If it wasn't for the internet, I don't know where kayaking would be. Sometimes we wish that we could go back in time to the pioneer days, when nothing was known, and everything was to be gained. Various forms of media have accelerated the development of paddling and its ever growing reach into the great unknown. Meteorological prediction tools have taken off, the boating industry is well rooted and supported, and the knowledge base has fully been shared via the many forms of getting info out there, mainly the internet.
It is due to this environment, its potential, and the people willing to share the information with all of us, that we owe thanks and appreciation to. Because without this structure, we would never have been able to board a plane to cross the continent and then proceed to strategically and confidently knock off the best creeks in the SW BC area, one by one, cold and calculated, to achieve true whitewater euphoria. The phone calls, hydrologic beta, weather info, and logistical and practical specifics published on the internet allowed this experience to happen, and Tatlow Creek was to be the grand finale of this celebration of being alive in the modern age of boating. This is the time we are in, and there are great things to be had.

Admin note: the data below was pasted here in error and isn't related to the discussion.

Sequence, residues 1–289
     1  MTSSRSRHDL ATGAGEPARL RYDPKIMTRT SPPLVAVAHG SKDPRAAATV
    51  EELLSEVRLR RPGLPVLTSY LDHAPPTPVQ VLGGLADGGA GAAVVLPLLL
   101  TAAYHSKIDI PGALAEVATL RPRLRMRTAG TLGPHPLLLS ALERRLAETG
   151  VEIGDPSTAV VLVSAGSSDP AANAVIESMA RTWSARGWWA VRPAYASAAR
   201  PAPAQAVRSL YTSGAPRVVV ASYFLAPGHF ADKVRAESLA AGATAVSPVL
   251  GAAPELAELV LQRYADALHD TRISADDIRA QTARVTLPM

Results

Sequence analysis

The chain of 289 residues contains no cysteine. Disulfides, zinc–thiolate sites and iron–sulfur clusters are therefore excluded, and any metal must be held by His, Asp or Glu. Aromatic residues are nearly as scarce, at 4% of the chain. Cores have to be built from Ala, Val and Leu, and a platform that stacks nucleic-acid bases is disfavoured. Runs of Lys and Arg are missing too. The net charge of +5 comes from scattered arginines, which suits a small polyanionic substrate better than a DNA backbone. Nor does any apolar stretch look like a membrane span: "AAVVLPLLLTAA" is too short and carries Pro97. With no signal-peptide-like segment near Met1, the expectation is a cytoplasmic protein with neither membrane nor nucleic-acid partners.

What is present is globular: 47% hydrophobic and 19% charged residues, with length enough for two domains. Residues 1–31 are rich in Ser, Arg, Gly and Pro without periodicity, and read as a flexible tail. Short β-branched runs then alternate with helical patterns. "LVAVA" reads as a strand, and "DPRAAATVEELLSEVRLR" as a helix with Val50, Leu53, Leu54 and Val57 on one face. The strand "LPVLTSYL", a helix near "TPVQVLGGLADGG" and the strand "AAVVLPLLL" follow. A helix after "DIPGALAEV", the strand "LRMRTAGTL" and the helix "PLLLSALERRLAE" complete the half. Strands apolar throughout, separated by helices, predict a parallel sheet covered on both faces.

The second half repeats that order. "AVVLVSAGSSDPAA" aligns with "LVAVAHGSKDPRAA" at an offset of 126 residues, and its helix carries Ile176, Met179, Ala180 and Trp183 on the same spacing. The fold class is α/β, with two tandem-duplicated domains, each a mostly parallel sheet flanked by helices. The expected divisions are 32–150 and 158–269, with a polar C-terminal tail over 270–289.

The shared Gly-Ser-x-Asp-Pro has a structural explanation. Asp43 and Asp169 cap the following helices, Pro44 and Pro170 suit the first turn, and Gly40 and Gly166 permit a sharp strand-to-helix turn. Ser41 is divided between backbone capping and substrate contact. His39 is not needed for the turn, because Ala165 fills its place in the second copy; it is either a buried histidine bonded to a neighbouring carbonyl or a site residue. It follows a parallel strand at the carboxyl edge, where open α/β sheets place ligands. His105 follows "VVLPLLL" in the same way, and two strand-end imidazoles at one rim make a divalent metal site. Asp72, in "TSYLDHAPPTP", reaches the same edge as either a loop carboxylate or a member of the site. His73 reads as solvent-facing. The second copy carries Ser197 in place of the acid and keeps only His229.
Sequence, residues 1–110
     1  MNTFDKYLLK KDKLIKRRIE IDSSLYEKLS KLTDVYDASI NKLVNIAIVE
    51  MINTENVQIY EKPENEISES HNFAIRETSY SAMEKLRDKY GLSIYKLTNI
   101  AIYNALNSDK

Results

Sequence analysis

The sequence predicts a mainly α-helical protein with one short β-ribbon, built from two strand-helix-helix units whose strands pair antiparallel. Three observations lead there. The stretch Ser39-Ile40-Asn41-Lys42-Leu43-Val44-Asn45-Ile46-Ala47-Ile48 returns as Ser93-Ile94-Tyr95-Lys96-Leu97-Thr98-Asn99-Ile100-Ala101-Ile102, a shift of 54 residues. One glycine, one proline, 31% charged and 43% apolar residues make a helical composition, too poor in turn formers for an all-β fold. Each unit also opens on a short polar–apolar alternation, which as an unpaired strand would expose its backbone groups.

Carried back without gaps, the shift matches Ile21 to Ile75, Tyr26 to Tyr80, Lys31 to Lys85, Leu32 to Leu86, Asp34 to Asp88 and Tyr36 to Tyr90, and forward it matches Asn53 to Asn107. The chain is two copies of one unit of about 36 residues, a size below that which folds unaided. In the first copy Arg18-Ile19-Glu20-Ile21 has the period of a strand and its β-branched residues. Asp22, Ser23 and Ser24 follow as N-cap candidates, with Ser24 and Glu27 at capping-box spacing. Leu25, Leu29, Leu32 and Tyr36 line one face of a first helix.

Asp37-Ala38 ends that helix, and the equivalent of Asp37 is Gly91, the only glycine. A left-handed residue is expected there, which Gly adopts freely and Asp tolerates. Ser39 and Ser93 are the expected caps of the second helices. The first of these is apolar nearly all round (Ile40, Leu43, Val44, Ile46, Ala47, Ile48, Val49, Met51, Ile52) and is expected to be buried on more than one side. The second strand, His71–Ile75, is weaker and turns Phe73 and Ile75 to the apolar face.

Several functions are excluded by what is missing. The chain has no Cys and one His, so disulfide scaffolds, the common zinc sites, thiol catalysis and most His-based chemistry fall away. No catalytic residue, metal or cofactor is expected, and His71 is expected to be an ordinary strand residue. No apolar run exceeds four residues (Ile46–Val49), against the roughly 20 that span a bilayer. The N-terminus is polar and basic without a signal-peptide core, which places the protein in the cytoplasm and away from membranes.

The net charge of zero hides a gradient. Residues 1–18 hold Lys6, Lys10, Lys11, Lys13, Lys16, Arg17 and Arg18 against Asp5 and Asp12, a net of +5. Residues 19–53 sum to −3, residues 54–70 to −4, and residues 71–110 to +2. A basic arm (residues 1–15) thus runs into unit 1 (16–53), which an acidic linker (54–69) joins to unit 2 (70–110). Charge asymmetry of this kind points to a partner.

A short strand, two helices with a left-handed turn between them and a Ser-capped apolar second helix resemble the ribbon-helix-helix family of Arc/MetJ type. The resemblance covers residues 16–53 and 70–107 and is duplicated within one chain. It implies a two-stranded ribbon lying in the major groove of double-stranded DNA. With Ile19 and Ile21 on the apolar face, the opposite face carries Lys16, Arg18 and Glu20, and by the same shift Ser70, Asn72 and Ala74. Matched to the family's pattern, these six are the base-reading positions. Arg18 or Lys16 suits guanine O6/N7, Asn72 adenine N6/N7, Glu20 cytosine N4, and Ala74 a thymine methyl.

But this post isn't about our era, but one single day on Tatlow Creek. It is impossible to name the best mile of creekboating, simply for the fact that not all of us have done all the creeks. So until the age of the streamlining and equilibration of our collective consciousness, this will just have to suffice as one single attempt from one angle, to make the uberstatement of what THE best mile of creeking in the world is.
There are many paddlers with much more place to determine such truths, but I can safely say that the best creek run I have EVER done is Tatlow Creek. Its kinda hard to follow the same trip report format of previous posts, when the stoke behind Tatlow would really be better explained in loud shouting, or more likely some type of higher art form that I have yet to master. So in standard blog prose and style, here is the account, in chronology.
Once the Callaghan had dropped out again, it was time for the peak of the trip, and we loaded up with enough food for the rest of the trip. We were heading to Tatlow, and were praying levels had dropped out enough to allow our passing through the gorge. Callaghan's quick draining overnight had us optimistic, but every watershed is different, and wanting too much and not getting it is always devastating. Driving over, the best mindset was that we would "settle" for a world class high flow Mine run. But after checking in with Ledcor and driving over the double bridge, it was clear that flows were looking perfect for Tatlow to be in. We took a short look at the 50/50 bridge area, much more realistic looking with lower levels, and made quick work of the drive up to Tatlow, catching another crew on the drive up.